Stigmatized Space: Negative Heritage in Historic Preservation
Historic Preservation and Conservation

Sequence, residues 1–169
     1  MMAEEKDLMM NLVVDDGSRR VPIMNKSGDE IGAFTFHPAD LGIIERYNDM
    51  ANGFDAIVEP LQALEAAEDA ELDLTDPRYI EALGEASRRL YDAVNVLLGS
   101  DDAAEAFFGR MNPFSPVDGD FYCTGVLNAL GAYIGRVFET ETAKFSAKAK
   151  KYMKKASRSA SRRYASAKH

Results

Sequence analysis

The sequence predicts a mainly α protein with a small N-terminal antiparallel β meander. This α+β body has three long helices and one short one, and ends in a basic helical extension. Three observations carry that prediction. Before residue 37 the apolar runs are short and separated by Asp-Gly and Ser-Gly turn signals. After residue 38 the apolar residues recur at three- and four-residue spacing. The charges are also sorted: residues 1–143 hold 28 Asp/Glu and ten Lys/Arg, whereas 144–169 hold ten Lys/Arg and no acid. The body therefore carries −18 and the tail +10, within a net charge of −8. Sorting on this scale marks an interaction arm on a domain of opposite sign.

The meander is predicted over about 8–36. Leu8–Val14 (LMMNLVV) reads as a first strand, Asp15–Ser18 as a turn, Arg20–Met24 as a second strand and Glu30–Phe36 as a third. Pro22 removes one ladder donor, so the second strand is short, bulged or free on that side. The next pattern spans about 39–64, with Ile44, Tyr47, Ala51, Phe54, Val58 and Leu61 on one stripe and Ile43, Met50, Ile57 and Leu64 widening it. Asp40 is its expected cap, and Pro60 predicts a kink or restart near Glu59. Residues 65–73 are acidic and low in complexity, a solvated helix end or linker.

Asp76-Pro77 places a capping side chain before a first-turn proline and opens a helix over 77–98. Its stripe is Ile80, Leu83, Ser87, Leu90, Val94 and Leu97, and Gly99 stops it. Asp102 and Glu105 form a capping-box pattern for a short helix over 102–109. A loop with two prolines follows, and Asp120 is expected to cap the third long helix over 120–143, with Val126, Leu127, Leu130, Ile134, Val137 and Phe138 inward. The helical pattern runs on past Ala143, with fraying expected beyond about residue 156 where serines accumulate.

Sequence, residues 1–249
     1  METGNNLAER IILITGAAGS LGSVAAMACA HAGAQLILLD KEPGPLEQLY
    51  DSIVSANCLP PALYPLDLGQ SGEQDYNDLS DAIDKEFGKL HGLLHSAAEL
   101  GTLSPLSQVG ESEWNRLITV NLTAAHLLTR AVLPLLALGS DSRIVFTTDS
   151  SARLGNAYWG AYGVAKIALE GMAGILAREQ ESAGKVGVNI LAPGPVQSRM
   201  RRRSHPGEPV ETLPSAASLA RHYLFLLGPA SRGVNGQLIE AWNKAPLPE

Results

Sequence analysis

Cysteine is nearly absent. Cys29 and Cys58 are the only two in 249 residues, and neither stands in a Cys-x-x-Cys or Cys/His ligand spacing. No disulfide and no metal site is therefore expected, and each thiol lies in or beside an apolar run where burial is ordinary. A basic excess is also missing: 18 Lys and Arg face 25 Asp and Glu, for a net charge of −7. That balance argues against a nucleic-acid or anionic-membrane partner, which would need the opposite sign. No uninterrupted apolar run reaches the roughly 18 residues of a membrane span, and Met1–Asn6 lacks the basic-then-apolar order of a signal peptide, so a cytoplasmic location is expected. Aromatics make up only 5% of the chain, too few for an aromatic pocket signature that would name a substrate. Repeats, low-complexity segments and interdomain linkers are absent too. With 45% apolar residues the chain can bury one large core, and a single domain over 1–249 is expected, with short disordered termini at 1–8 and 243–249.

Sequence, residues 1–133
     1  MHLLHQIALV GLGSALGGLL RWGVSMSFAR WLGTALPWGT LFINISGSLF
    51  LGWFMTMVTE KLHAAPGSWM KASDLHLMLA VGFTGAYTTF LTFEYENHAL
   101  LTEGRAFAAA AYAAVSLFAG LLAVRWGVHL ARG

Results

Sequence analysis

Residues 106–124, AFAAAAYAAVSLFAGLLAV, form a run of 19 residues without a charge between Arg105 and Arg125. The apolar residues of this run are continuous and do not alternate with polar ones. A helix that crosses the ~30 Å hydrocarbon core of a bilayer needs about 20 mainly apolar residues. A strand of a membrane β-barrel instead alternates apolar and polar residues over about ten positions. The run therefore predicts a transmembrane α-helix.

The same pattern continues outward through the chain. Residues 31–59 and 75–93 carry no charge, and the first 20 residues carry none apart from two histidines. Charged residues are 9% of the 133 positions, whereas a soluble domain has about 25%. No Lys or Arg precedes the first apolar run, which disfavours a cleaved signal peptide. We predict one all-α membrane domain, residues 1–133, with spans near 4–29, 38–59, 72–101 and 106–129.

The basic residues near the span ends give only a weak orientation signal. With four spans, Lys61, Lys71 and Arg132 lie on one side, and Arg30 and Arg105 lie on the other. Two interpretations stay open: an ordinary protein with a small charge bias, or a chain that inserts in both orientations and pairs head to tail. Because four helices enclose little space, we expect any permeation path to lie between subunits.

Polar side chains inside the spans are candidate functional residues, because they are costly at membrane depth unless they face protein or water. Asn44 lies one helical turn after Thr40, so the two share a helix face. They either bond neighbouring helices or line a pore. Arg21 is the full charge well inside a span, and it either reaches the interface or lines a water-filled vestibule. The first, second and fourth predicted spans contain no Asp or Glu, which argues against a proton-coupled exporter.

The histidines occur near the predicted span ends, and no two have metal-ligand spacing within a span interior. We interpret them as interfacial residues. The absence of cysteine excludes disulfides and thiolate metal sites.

This thesis acknowledges negative heritage as an essential but understudied thread in preservation discourse. It traces the naissance of the term “negative heritage” and its antecedent terminologies in order to situate recent scholarship on the subject within a larger philosophical moment. By tracing the origin of scholarship on the subject, this thesis develops a paradigm of the sorts of events that have been essential to development of negative heritage as a material and theoretical concept and that have had impact on a diverse enough audience to merit continued interdisciplinary study. Before outlining when negative heritage developed as a concept, for what reasons, and what movements and tendencies its consideration has come to promote, this thesis diagnoses what precisely negative heritage is; definitions of the term and its antecedents, which have largely been borrowed from anthropological and psychological literature, are evaluated in terms of their clarity and applicability, and rewritten to tailor the concept — now widely disseminated but still poorly defined — to historic preservation discourse. Precedents in disparate contexts trace the development of a sociogeographic ethos with regard to stigmatized spaces; tactics that have had little representation in the literature receive particular attention. To encourage the management of traumatic sites in a manner that accounts for geographic context as well as sociocultural factors, this thesis considers modes of intervention able to foster acceptance, catharsis, and in various modes, preservation.